Professor, Graduate Coordinator
Behavioral and Brain Sciences Program
520 Psychology Building
(706) 542-4812

Research Interests

The Vision Sciences Laboratory studies all aspects of the human visual system. This extends from basic studies of the cornea, lens and retina to applied studies of visual processing within the brain. A primary focus of the laboratory has been the investigation of how lifestyle, primarily dietary, influences both the development of degenerative disease and the normal function of the central nervous system. For example, we use psychophysical methods to measure the concentration of the dietary carotenoids lutein and zeaxanthin within the fovea (termed macular pigment or the macula lutea) and have related those pigments to various aspects of retinal and brain function.

The combination of expertise and our interdisciplinary approach has led to insights in a diversity of areas. For example, we have published data relative to the development of age-related eye disease and we are currently studying preventive approaches to dementia (including Alzheimers and Cognitive decline). We are also working on issues in Sports Vision and other aspects of visual performance. Another strong area in our laboratory is the maturation of the infant visual system and brain.

Selected Publications

Renzi, L. and Hammond, B.R. (2010).  The relation between the macular carotenoids, lutein and zeaxanthin, and temporal vision. Ophthalmic and Physiological Optics, 30(4), 351-357.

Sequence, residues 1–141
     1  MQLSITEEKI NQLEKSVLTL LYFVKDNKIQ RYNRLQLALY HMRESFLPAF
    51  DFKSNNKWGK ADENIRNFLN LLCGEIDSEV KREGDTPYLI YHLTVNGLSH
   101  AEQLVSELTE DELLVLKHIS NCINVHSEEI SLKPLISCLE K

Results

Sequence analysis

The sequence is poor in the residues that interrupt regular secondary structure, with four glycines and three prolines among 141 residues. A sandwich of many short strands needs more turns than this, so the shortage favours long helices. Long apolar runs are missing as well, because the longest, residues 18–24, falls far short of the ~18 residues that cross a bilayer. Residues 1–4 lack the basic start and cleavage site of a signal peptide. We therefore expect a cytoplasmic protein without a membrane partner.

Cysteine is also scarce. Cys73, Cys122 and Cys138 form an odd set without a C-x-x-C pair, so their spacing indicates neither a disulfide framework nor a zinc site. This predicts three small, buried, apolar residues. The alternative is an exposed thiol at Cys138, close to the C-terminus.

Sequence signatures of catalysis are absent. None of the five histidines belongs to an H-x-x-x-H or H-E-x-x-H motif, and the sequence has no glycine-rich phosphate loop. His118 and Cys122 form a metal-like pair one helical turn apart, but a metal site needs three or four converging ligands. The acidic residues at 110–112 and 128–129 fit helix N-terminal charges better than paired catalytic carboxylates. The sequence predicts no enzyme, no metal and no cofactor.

Wooten, B.R., Renzi, L., Moore, R. and Hammond, B.R.  (2010). A practical method of measuring the temporal modulation transfer function. Biomedical Optics Express, 1(1), 47-58.

Renzi, L. and Hammond, B.R. (2010).  The effect of macular pigment on heterochromatic luminance contrast.  Experimental Eye Research, 91(6), 896-900.

Hammond, B.R., Renzi, L.M., Sachak, S. and Brint, S.F. A (2010).  A contralateral comparison of blue-filtering and non-blue-filtering intraocular lenses: glare disability, heterochromatic contrast threshold, and photostress recovery.  Clinical Ophthalmology, 4, 1465-73.

Lien, E. and Hammond, B.R. (2011).  Nutritional influences on visual development and function.  Progress in Retinal and Eye Research, 30, 188-203

Hammond, B.R., Wooten, B.R., Engles, M. and Wong, J.C. (2012). The influence of filtering by the macular carotenoids on contrast sensitivity measured under simulated blue haze conditions.Vision Research, 63, 58-62.

Hammond, B. R., and Fletcher, L. M. (2012). Influence of the dietary carotenoids lutein and zeaxanthin on visual performance: application to baseball. The American Journal of Clinical Nutrition, 96(5), 1207S-1213S.

Hammond, B.R. (2012). The dietary carotenoids lutein and zeaxanthin in pre-and- postnatal development. Functional Food Reviews, 4 (3). 130-137.

Hammond, B.R., Fletcher, L. and Elliott, J. (2013) Glare disability, photostress recovery, and chromatic contrast: relation to serum and retinal lutein and zeaxanthin.Investigative Ophthalmology and Visual Science. 54(1), 476-81.

Renzi, L.M., Dengler, M.J., Puente, A., Miller, L.S. and Hammond, B.R. (2014). Relations between macular pigment optical density and cognitive function in unimpaired and mildly cognitively impaired older adults. Neurobiology of Aging, 35(7), 1695-1699.

Selected Professional Activites

Association for Research in Vision and Ophthalmology Adjunct Faculty

Foods and Nutrition Department, University of Georgia Faculty

Gerontology Program, University of Georgia